The Electronic Frontier Foundation put forth a court filing asking warrants be required for all search and seizure procedures of digital devices at international airports and United States borders.

Currently, these searches are permitted under an exception to the Fourth Amendment for routine enforcement of immigration and customs. Under the exception, digital devices that are seized by United States Customs and Border Protection agents can only have the device’s local data searched, not the cloud storage, and this is regardless of where cloud storage servers are located.

The average digital device, however, will hold much more data than ever anticipated. From documents, videos, messages, and even photos to offline emails, up-coming appointments, and more.

The information gathered from a digital device is “light years beyond the minimal information generally contained in other kinds of personal items we might carry in our suitcases,” Sophia Cope, EFF staff attorney, told Tech Crunch. She continues declaring the examination of digital devices is “highly intrusive,” not to mention the fact that data stored in the cloud can easily seem to be a part of the device’s local storage.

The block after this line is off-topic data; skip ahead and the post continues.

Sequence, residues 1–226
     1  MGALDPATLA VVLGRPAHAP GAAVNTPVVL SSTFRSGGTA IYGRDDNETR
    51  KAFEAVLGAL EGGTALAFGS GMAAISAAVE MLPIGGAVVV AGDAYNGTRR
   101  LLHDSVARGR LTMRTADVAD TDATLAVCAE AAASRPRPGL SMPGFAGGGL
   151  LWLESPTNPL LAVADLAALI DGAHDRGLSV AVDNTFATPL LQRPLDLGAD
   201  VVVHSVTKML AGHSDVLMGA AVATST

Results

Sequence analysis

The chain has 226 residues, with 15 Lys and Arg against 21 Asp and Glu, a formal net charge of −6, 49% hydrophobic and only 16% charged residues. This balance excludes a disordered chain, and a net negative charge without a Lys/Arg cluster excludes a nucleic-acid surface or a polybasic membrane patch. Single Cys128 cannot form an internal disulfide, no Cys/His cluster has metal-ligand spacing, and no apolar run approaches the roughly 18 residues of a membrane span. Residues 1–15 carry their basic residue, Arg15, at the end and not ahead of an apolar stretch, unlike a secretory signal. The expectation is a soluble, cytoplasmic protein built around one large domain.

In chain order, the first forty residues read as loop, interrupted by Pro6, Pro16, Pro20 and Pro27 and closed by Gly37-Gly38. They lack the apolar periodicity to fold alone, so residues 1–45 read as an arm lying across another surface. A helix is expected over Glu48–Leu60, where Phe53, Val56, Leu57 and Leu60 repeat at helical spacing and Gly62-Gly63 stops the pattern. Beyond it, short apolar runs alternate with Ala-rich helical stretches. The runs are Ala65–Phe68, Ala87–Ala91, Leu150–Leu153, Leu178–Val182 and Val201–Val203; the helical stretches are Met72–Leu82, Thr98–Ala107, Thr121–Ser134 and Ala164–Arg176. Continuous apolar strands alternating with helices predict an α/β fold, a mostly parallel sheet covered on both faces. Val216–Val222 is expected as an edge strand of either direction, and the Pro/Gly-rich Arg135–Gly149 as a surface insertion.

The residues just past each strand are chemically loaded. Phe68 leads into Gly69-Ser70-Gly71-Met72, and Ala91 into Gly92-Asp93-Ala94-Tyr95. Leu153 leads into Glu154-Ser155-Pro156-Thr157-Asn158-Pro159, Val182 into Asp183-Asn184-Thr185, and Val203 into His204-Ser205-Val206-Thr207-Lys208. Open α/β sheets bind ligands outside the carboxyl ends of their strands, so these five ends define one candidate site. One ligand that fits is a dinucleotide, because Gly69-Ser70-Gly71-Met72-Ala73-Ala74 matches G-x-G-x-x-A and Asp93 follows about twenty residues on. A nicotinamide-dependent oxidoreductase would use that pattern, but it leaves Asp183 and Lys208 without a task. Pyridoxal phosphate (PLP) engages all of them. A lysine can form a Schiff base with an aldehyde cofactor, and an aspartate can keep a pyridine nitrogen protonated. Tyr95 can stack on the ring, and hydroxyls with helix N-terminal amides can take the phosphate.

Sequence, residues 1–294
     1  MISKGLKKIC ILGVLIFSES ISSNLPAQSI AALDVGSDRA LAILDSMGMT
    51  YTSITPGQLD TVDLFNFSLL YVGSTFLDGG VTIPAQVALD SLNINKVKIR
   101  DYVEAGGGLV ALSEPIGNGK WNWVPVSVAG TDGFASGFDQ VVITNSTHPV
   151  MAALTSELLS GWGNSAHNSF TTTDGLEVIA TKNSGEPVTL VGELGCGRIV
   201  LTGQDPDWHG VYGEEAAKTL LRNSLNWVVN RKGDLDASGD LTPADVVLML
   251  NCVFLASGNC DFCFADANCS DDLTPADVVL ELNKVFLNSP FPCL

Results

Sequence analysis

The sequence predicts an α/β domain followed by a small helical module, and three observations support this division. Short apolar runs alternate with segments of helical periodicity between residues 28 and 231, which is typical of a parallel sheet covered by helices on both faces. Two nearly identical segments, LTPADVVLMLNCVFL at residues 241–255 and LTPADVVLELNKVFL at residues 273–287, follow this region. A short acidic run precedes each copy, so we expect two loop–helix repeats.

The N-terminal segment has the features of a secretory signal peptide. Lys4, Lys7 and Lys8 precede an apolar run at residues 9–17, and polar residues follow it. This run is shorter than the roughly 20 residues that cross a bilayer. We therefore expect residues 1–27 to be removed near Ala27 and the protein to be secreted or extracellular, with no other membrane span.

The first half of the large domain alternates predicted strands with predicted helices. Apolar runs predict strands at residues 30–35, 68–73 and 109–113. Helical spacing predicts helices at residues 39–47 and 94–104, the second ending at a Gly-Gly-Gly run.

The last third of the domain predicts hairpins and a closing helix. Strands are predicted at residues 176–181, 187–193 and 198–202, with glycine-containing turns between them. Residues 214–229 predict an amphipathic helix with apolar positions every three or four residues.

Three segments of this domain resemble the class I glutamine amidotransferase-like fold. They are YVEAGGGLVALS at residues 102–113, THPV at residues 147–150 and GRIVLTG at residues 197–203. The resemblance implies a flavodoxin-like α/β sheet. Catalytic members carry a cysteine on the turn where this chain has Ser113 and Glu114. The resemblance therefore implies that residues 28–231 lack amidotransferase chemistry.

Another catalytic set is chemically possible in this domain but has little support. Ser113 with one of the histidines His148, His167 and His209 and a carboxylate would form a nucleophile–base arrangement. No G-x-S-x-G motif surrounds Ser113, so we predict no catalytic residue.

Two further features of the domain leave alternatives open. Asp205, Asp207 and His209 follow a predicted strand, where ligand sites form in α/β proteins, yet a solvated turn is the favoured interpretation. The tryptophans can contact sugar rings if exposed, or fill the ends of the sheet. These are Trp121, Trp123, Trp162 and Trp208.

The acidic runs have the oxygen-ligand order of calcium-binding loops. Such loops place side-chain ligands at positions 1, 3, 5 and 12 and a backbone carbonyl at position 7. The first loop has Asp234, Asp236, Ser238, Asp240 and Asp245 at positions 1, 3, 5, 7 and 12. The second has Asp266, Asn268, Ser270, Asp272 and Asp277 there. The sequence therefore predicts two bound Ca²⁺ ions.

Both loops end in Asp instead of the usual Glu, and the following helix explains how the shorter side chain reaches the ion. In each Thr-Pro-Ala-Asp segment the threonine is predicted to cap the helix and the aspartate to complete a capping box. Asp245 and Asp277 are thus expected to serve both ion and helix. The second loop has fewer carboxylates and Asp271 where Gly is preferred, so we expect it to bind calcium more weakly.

In addition, the EFF has referred to the creation of the border search exception. The exception is to be used for the narrow purposes of enforcing customs and immigration laws. There are questions asking how the general search of digital devices could further the purposes of CBP in a way that can justify the neglect of suspicion or warrant needed.